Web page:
You may be able to get disability benefits for heart disease, but because “heart disease” is a relatively broad term, the process can be unique for each individual.
Heart disease can refer to several different cardiac conditions; some of the more common conditions approved for disability are:
- Coronary heart disease
- Ischemic heart disease, and
- Congestive heart failure.
The common thread is calcified plaque, a hard substance that builds up in the arteries of the heart (as well as other blood vessels in the body), causing restricted blood flow. While the severity of heart disease varies, it’s most commonly marked by chest pain.
The good news is the Social Security Administration (SSA) does offer disability benefits for heart disease. The bad news is that the SSA doesn’t give them to everyone who has been diagnosed with heart disease or even to everyone who has been diagnosed with congestive heart failure. The primary qualifier for disability benefits in any situation is, according to the SSA, “the inability to perform substantial gainful activity”—in other words, your disability needs to be debilitating to the point that you can’t work at all. In the event of heart disease, any kind of physical activity will need to be painful or fatiguing to the point that even a seated job is too taxing on your body.
Heart Disease History Documentation
When you apply for disability benefits, the SSA will want to see written documentation of these symptoms. Heart disease can be a difficult disability to present on paper, but tests from your doctor indicating that:
- You’ve performed poorly in exercise tolerance tests.
- Your imaging tests show problems with the heart muscle will help immensely.
- You’ve made a clear and consistent attempt at treatments.
Your primary care physician will be able to provide this documentation for you, but it’s also a good idea to see a cardiologist.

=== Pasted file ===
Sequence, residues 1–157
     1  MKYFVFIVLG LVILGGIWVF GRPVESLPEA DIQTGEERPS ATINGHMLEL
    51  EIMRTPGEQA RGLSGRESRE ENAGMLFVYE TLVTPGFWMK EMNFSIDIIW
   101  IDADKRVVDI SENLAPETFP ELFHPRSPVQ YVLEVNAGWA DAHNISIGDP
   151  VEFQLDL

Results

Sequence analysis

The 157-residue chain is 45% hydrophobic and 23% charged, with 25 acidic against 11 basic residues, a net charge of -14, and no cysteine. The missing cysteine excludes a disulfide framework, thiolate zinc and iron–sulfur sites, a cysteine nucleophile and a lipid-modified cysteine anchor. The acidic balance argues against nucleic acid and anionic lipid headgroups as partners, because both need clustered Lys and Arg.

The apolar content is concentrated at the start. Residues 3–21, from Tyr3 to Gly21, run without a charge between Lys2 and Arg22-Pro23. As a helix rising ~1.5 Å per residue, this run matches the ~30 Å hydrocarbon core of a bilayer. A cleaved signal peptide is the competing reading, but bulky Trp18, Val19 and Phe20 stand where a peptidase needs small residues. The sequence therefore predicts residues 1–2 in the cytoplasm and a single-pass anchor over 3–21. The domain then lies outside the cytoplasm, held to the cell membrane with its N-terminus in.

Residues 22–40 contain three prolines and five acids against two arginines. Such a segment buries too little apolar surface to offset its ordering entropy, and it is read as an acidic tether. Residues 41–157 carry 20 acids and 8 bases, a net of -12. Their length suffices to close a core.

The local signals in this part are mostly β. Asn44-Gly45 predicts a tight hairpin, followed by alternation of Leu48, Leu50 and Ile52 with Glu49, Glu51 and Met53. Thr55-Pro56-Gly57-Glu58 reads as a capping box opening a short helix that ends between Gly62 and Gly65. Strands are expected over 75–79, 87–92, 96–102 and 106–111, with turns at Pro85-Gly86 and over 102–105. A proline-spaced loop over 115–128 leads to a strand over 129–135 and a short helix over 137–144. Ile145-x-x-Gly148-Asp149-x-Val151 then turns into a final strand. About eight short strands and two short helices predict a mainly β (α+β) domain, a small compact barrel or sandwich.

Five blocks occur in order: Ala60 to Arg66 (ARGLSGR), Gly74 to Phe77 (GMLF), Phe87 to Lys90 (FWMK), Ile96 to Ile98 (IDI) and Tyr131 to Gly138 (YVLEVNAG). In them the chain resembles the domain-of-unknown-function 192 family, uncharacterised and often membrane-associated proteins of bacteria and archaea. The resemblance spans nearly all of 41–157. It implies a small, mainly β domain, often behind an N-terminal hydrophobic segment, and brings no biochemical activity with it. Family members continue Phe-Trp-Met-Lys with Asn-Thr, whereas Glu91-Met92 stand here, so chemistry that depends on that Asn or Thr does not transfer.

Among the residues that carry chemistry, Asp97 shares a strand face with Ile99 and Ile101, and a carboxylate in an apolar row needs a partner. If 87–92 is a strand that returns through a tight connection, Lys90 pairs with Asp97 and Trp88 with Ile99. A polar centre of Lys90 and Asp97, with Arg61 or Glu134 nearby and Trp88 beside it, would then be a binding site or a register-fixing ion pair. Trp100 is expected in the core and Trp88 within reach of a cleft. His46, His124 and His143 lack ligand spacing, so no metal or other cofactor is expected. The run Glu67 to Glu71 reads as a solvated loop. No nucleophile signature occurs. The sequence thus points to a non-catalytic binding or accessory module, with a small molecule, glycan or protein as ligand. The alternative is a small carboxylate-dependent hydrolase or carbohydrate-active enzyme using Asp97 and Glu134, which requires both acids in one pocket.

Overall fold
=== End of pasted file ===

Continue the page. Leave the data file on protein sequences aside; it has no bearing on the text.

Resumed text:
How Your Heart Disease is Diagnosed
The diagnosis of coronary heart disease (also called atherosclerosis) will be done via an electrocardiogram and cardiac catheterization. While both of these tests can definitively confirm that you have a heart disease, they won’t be enough to access disability benefits on their own. Severe chest pain will still need to be documented by your doctor, as well as a history of heart surgeries and repeated attempts to return to work. If you’ve been diagnosed with congestive heart failure, you’ll need to fail those same exercise tests and have a history of heart failure or poor ejection fracture.
Work History Documentation
Your medical history is just one component of the documentation you’ll need. You will also want to bring an extensive work history with you, along with notes from family, friends, and co-workers detailing how your heart disease has affected your life and your ability to be productive. Consider writing down as many personal anecdotes as you can, such as in a journal. Are there any moments of horrible chest pain or shortness of breath that surface when you think about your disability? Be sure to prepare those so you can better illustrate how heart disease limits your ability to work.
Talk to a Professional
Applying for disability benefits of any kind can be tough, but it’s even harder with a broad disability like heart disease. That being said, it might be a good idea to speak with an experienced Social Security attorney or advocate to make sure your application efforts are successful the first time. A rejected application can take months to appeal, barring you from the disability benefits that might be crucial in order to support yourself and/or your family.
A disability attorney or advocate may be able to increase your chances of garnering benefits the very first time you apply. After all, the sooner your claim is approved, the sooner you’ll be able to access the benefits! To see if you may qualify for free legal assistance, click the button below to start your claim evaluation now.